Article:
Building Self-Efficacy in Students
Recommendations for building self-efficacy in students
Content from Positive Psychology.com
Significant studies have shown a positive learning environment can play a crucial role in building self-efficacy among students of all ages. Research on teaching methods and self-efficacy found that when teachers followed a more interactive and collaborative learning approach, students had a higher self-efficacy score than when they learned in strict or closed classroom situations.
Although the study was conducted on a group of students pursuing a particular subject, the results were validated and held consistent when re-examined later on in different age groups (Fencl and Scheel, 2005).
Undoubtedly, classroom training is one of the crucial and most important media for promoting and building self-efficacy.
A student with strong efficacy will:
- Feel confident about his/her learning abilities and will do good in assessments.
- Be interested in taking part in classroom activities and being proactive all the time.
- Use the information efficiently to benefit his academic career.
- Be motivated to apply and adapt to new lessons.
- Show strong intrinsic motivation to learn from mistakes and overcome hurdles.
- Inspire others with his/her way of life and achievements.
How To Best Promote Self-Efficacy In The Classroom
Bandura said that co-operative and holistic learning structures help students to work in association with each other and feel good about themselves. In such conditions, they are likely to feel rewarded and will do better in academic assessments than in isolation. A conducive learning environment allows students to face and enjoy the challenges – they perceive difficult tasks as something to cater to, rather than to shun away from. And as a result, they become more persistent, resilient, and self-assured. Here are some ways that can help in promoting self-efficacy in the classroom:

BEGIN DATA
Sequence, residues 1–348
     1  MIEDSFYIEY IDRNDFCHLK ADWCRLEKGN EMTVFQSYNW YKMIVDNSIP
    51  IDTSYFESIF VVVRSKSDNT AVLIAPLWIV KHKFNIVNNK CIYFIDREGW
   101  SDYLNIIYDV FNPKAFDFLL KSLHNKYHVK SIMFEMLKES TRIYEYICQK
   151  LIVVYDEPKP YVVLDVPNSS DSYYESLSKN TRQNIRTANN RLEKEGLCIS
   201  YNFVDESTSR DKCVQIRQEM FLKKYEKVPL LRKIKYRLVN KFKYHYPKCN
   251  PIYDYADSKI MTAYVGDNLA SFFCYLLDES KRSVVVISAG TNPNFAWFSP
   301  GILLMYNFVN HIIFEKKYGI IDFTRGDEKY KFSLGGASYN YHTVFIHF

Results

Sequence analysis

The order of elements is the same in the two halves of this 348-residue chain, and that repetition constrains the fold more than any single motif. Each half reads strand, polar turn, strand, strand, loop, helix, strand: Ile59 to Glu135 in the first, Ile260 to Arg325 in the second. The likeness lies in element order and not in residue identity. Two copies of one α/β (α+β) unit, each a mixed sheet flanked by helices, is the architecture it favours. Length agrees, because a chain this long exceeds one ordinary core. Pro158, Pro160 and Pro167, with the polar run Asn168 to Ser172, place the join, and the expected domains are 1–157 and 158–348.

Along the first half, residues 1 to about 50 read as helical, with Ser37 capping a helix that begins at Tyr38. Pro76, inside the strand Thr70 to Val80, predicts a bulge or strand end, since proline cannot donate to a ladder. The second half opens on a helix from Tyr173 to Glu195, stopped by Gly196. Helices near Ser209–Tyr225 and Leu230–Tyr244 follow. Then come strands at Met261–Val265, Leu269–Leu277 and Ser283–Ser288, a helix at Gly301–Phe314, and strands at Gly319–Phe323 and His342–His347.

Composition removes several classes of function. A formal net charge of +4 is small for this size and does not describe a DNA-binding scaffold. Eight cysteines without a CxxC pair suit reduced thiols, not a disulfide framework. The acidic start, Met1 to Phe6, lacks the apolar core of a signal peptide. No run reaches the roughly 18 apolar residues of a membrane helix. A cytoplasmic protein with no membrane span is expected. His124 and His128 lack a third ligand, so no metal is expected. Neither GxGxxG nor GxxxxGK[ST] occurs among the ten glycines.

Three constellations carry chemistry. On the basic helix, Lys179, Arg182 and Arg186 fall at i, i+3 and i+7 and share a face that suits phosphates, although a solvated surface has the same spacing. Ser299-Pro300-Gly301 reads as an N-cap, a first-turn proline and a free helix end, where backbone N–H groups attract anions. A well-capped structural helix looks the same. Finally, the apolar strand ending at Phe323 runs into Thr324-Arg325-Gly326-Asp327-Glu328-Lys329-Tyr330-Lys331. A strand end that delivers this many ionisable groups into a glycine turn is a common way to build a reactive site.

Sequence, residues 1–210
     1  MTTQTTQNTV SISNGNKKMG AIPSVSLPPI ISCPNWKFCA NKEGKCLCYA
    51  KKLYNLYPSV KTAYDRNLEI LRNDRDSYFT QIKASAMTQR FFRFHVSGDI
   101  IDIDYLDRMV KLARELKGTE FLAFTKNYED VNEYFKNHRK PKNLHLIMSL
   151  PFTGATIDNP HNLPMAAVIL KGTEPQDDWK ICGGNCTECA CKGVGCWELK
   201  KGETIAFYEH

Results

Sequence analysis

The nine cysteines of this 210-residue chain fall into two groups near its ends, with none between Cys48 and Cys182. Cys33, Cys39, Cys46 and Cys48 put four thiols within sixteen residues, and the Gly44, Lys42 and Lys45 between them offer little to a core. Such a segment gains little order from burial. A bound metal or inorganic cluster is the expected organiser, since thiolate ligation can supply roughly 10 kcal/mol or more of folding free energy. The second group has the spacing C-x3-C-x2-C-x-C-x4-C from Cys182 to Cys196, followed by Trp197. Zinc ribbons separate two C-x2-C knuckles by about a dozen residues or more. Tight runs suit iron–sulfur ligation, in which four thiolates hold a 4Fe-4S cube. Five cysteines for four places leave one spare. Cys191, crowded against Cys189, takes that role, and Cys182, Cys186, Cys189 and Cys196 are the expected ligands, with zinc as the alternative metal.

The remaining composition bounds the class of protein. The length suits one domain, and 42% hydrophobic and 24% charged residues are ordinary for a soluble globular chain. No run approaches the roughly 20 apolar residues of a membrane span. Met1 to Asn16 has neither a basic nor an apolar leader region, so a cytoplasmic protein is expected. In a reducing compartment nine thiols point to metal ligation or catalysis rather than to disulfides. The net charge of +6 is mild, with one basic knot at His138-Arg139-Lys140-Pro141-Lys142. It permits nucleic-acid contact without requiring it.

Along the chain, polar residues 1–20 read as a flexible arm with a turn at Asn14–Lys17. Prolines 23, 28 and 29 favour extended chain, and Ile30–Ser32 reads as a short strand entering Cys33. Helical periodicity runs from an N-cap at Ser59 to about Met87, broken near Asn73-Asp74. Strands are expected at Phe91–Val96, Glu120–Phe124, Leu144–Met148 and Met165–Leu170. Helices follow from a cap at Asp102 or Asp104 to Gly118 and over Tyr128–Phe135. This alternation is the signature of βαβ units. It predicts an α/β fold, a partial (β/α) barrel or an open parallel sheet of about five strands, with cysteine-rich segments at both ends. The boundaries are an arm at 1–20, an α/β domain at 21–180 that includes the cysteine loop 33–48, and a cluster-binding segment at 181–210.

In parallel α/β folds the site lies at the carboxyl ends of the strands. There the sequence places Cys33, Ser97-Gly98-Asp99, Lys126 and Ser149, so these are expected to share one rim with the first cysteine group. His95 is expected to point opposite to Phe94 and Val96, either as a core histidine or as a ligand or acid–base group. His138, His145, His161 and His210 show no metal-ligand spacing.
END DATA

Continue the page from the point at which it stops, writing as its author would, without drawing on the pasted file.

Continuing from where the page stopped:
1. Effective Communication
Effective communication includes teaching the students how to identify their goals, acknowledge their abilities, and focus only on their strengths. Teaching self-efficacy is more comfortable when students are self-aware and know their intentions. Simple ways of practicing effective communication in the classroom environment may include praise when a student puts in real effort. A student may or may not succeed, but the encouragement will prevent them from doubting themselves. By using affirmations like “You can do it,” “You are smart enough,” and “I trust you,” we can help the students to believe in themselves.
2. Honest Feedback